It was not long before the conflict broke out. It then appeared that the change which had taken place in Becket was not confined to the outer man only, but had also affected his relation to the Church and the State. From a King’s counsellor and servant he had suddenly turned to be the counsellor and servant of the Church, and he carried over into his new station the impulsiveness and stubbornness which had always distinguished him in the service of the King. It is difficult to say which of the two, in this struggle for ascendency, was right, or rather which of the two was the more to blame. For while the King was aggressive, arrogant, domineering, in the consciousness of his power, the Archbishop was imperious, insolent, and inconsistent, inasmuch as he now boldly condemned what he had formerly counselled. But it seemed to be a trait of Becket’s character, that he always devoted himself unconditionally to the master he served at the time, and that from the moment he abandoned the service of the King for that of the Church it was quite natural for him to defend the interests and rights of the latter against the usurpations of the former.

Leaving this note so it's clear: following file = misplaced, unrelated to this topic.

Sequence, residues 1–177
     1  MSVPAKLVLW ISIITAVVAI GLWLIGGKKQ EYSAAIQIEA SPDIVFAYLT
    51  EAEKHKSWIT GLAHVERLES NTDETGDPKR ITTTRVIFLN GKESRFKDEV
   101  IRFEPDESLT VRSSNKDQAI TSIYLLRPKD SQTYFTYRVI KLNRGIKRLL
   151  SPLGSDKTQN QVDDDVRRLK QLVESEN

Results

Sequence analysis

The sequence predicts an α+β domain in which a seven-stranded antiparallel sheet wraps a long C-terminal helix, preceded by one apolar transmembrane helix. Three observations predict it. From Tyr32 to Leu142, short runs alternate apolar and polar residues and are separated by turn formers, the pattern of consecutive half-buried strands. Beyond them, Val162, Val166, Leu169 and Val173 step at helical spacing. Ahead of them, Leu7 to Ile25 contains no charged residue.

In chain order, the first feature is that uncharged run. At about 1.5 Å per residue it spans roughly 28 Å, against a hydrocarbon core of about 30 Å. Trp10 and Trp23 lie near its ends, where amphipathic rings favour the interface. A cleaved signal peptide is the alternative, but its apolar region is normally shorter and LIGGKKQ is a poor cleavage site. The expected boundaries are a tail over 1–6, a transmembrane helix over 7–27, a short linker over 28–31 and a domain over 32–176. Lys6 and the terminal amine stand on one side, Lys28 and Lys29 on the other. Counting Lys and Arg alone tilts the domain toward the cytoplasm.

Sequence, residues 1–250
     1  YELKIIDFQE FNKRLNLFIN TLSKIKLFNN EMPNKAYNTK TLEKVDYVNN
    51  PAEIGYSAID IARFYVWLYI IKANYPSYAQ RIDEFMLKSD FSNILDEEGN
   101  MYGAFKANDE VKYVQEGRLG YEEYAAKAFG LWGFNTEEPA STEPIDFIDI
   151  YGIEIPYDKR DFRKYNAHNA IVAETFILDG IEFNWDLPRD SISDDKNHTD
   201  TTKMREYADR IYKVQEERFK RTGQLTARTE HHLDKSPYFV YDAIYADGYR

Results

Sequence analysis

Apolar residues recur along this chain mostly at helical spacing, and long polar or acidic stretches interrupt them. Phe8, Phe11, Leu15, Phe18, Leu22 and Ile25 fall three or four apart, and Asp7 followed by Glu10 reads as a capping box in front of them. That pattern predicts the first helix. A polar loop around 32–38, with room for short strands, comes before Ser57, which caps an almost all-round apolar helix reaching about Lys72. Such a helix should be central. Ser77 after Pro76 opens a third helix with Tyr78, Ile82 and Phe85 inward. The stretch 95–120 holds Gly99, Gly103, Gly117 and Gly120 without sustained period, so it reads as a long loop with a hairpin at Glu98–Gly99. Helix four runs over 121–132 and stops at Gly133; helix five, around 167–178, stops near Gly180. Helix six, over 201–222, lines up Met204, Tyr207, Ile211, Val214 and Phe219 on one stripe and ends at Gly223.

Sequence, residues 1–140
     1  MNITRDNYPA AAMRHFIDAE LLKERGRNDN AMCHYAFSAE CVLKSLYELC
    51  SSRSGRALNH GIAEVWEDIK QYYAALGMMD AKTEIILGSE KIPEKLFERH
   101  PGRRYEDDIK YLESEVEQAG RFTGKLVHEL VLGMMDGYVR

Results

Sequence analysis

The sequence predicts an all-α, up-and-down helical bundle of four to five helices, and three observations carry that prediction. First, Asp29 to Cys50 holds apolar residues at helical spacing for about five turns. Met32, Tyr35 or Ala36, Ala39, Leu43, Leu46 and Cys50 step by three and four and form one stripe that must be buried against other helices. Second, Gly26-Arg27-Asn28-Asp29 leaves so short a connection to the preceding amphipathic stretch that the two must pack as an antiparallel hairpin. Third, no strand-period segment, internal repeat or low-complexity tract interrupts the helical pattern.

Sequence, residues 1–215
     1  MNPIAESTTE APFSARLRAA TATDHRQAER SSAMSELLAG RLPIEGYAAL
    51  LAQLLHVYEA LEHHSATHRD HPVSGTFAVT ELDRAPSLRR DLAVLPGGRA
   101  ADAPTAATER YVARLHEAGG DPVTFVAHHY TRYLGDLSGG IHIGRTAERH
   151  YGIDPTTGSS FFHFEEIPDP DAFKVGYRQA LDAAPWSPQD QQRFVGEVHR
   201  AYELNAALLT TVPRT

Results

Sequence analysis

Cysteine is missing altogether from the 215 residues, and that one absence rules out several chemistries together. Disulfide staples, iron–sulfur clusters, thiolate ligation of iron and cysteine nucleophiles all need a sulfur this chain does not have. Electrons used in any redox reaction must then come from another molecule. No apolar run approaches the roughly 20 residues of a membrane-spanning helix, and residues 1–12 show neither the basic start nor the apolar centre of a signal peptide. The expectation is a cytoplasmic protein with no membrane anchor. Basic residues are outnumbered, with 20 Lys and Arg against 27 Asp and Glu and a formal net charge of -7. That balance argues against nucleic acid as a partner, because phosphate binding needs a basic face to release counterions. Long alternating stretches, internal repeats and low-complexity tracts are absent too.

At that time a priest who had committed any crime could be tried by an ecclesiastical court only; consequently very few criminals of this class were convicted and adequately punished; in most cases the accused, even if found guilty, were only reprimanded and degraded. This abuse was carried to such excess that during the first years of the reign of Henry the Second no less than one hundred murders committed by priests had not been punished. A priest had seduced the daughter of a gentleman living in Worcestershire, and, confronted by the angry father of the girl, assassinated him. Public indignation was aroused by this atrocity to such an extent that the King ordered the arrest of the guilty priest and his trial before a civil tribunal. Becket protested against this order, claiming that it was an infringement of the prerogatives of the Church. He ordered an ecclesiastical court to investigate the charges, and the result was as usual, that the punishment awarded was only degradation. The King was furious. He made up his mind to beat the Archbishop at his own game and to punish him for his presumption. He therefore submitted the question of ecclesiastical immunities and of church prerogatives to a council of jurists and ordered them to investigate whether these prerogatives were founded on a solid historical basis. The jurists knew what sort of decision the King wanted, and they gave it. Thereupon the King convened a general council of the high nobility and also of the Church at Clarendon, and there, among other restrictions placed upon the Church, it was enacted that members of the clergy indicted for a crime should be tried by civil tribunals, exactly like other subjects.